Moreover, we used Ni/TOC (ppm/wt%) to support the use of mercury as a volcanic indicator. Recently, Rampino et al.44 suggested a nickel anomaly as a link between the Siberian Traps eruptions and the latest Permian mass extinctions. For the Zbrza section, the Ni/TOC ratio corresponded to Hg/TOC data, with anomalies in the late Katian (Ni/TOC~967 ppm/wt%; Ni~175 ppm, while the background is approximately 65 ppm), on the Katian-Hirnantian boundary (Ni/TOC~404 ppm/wt%), and in the late Hirnantian immediately below the Ordovician-Silurian boundary (Figs 2 and 3; Table 1).

Mercury’s independence of redox-sensitive indicators

The strongest evidence for the occurrence of euxinic (persistently sulfidic lower water column) conditions in the photic zone of the water column is the identification of biomarkers from green sulphur bacteria (GSB)45,46. The most powerful and frequently used indicators of euxinia are isorenieratane and its diagenetic degradation products47,48,49,50,51 and Me,i-Bu maleimides, which are degradation products of bacteriochlorophyll pigments related to autotrophic sulphur bacteria (Chlorobiaceae)52,53,54. Framboidal pyrite populations provide another redox-sensitive indicator35. Based on Wignall & Newton35, we interpreted euxinic conditions for the samples with high number of very low-diameter pyrites (mean 3–5 μm; narrow size range), anoxic conditions for the samples with high number of low-diameter pyrites (mean 4–6 μm; some larger framboids), samples where framboids were moderately common with broad range of sizes were interpreted as dysoxic conditions and oxic conditions for the samples lacking framboids. It is noteworthy that intervals with strong positive Hg/TOC anomalies (late Katian, Katian-Hirnantian boundary, late Hirnantian) are characterised by the absence of ‘anoxic indicators’ such as biomarkers (aryl isoprenoids, maleimides) or framboidal pyrite (Figs 2 and 3; Table 1). Thus, these Hg spikes appear to be unconnected with organic matter accumulation in anoxic/ euxinic conditions. Moreover, the Zbrza section displays the high Hg/Mo ratio. Mo, as a redox-sensitive element, is associated with pyrite55 and increases in euxinic conditions. The three highest Hg/Mo spikes occur in the lower late Katian, at the Katian-Hirnantian boundary, and in the late Hirnantian, showing Hg’s independence of Mo and other redox-sensitive elements. Gong et al.31 in their study of Ordovician-Silurian strata from South China, presented Hg and Mo concentrations. As was true of the Zbrza section, their Hg/Mo spikes were related to Hg/TOC anomalies, which they interpreted as Hg flux to the ocean basin.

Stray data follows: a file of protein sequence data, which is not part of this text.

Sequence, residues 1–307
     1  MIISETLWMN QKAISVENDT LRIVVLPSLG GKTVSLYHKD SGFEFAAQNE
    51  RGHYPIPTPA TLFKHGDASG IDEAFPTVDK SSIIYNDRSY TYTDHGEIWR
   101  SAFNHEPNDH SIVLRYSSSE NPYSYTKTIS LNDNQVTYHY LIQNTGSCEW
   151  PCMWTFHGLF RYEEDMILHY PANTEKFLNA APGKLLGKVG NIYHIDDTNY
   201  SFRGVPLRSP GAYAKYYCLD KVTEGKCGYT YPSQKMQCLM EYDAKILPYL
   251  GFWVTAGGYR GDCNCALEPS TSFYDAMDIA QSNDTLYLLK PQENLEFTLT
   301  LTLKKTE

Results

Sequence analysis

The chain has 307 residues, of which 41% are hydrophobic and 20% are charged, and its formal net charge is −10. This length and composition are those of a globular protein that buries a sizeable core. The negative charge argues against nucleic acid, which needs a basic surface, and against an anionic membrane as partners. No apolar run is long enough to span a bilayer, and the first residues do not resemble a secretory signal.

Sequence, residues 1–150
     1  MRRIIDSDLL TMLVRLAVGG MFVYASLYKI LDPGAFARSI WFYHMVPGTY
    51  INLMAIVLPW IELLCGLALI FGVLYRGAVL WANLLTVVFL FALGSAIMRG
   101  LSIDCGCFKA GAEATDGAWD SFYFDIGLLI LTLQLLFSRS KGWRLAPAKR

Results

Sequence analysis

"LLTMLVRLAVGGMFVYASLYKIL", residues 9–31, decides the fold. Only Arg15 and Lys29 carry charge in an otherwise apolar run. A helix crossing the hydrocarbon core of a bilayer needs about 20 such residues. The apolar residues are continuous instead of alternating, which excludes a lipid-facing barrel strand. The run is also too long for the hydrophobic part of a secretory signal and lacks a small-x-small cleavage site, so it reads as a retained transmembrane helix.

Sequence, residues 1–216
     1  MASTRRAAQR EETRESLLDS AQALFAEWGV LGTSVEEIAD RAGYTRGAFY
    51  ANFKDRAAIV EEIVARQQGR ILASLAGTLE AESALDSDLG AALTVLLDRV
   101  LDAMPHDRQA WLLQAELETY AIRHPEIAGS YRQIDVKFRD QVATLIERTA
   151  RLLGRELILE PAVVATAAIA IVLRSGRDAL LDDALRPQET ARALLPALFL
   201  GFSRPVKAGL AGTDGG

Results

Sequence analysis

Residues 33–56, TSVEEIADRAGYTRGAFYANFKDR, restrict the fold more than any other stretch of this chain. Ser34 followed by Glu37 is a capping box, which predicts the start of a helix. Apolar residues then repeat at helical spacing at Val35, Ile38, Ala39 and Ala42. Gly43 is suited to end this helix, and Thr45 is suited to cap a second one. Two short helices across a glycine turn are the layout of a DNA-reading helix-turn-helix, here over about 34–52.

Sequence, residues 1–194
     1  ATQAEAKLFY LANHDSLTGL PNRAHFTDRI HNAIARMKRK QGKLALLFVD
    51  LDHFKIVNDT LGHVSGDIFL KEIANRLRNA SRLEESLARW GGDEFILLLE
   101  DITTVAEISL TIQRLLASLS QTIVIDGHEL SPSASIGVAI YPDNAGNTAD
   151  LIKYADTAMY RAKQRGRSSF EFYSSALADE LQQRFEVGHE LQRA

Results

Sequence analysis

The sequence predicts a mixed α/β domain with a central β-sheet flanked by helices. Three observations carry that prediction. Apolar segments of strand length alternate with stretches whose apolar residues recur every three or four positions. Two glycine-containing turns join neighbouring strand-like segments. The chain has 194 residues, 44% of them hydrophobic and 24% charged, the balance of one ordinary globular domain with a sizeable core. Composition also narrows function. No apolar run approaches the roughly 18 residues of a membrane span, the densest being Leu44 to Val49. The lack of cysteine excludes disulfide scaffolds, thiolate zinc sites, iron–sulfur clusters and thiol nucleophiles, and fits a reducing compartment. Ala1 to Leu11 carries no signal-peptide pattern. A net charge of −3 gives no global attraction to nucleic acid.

To sum up, the lack of strong Hg/TOC correlation, in combination with high levels of TOC concentration, the presence of Ni enrichments, and the absence of ‘indicators of anoxia/euxinia’ (no specific biomarkers, no framboids, very low Mo concentration), supports the interpretation that the positive Hg/TOC anomalies in the lower late Katian, on the Katian-Hirnantian boundary, and in the late Hirnantian (Figs 2 and 3) record enhanced environmental Hg loading.

Pre-LOME and LOME volcanic event